Iceland: My First Trip Outside Scotland

Hayley Graffunder University of Edinburgh, Scotland


March 1, 2017

By now, most people in the program have already been on a number of weekend trips to Copenhagen, Paris, Amsterdam, and more. I spent nearly every weekend on trips around Scotland or simply enjoying the city I chose to study abroad in, and I’m glad I did. By the end of February, however, I was getting excited for my first trip outside the country with my friends.

In January, my friends and I sat around for a weekend in one of our flats planning our four day trip to Iceland. We had to settle plane tickets, Airbnbs, a car rental, activities, travel to and from the airport, and more. It was a lot to get through. Luckily, fueled by take away from the Italian place down the road, we were able to get everything squared away so that we could relax and wait for the trip to arrive. It came up faster than I expected.

Everything started off smoothly. The bus to the airport was easy and on time, security was a breeze for almost all of us (though one friend had to spend 15 minutes explaining to the security guy what gel deodorant is), and we were somehow the first to board. Even picking up the rental car once we touched down in Reykjavík was surprisingly easy for someone who had never done that before. I only got talked into one unnecessary extra insurance coverage, which I’m counting as a success. Walking outside the airport and hopping into our car was when it hit me. I was in Iceland. With my friends. And I was going to get to drive after six long, carless weeks.

The first thing we realized is that Iceland is expensive. Like, $20 for a veggie burger and fries expensive. So after caving and going out to eat the first night — weirdly, we ended up at a Big Lebowski themed restaurant — we went to the grocery store and planned out our meals for the next few days. We were staying in a small but cute Airbnb with a kitchen, so we were lucky to be able to cook for ourselves while we were there, saving us hundreds of dollars altogether. Plus, it ended up being one of my favorite things about the trip; each day after hours of driving and sightseeing in the cold, we came back to our little Icelandic home, cooked together, and watched movies. It definitely made me want to buy a big house someday and live there with all of my friends, eating ice cream and going on adventures.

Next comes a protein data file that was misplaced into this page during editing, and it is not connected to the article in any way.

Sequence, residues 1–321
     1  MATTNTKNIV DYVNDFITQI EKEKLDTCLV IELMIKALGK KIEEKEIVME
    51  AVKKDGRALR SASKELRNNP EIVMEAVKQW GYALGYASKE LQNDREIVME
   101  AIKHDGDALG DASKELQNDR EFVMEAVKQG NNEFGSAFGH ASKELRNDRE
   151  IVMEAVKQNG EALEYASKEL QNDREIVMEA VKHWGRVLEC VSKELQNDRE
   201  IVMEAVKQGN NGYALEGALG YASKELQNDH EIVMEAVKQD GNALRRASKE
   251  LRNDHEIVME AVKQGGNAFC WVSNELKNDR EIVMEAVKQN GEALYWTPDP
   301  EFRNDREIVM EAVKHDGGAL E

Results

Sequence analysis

I won’t go through everything we did each day. I will say that we saw waterfalls, glaciers, geysers, hot springs, mountains, a black sand beach, and the most beautiful snow-covered rocky landscape in the world. Driving through it each day from one natural wonder to the next felt like I was transported to a different planet. There were amazing moments, like seeing the geyser erupt for the first time, standing in awe of the natural rock formations around the country, eating the single best cinnamon roll I’ve ever had (from Braud and Co.), and meeting some adorable Icelandic horses.

There were also things we didn’t anticipate, like the snow storm that prevented us from going to Vatnajökull National Park or the fact that we might get drenched by the “mist” from a waterfall on our first stop of the day and spend the next five hours in wet jeans. We also didn’t anticipate our flight home being delayed 12 hours and the road to the airport being shut down due to snow. But, part of traveling is dealing with the unexpected and reminding yourself that it’s a small price to pay for incredible experiences.

The best part of the trip — and maybe my whole life — was our last night in Iceland. We spent it at the Blue Lagoon geothermal spa. It was three hours of floating around in essentially a gigantic natural hot tub with face masks on. We saw the sunset, got snowed on while we swam (which isn’t something I ever thought I’d say), and afterwards on the way home, we saw a faint green stripe across the sky: the northern lights. It was the perfect grand finale for our wonderful, intense, once in a lifetime trip. We didn’t know what we were in for the next day at the airport — that we’d run into obstacle after obstacle, that we’d have to take a car, a shuttle, a plane, a bus, and a train just to get home to Edinburgh — but that was one of the things that made the experience so memorable. Nothing was more peaceful than our last night at the Blue Lagoon, and it made it just a little bit easier to deal with the chaos to come.


Scotland Semester Travel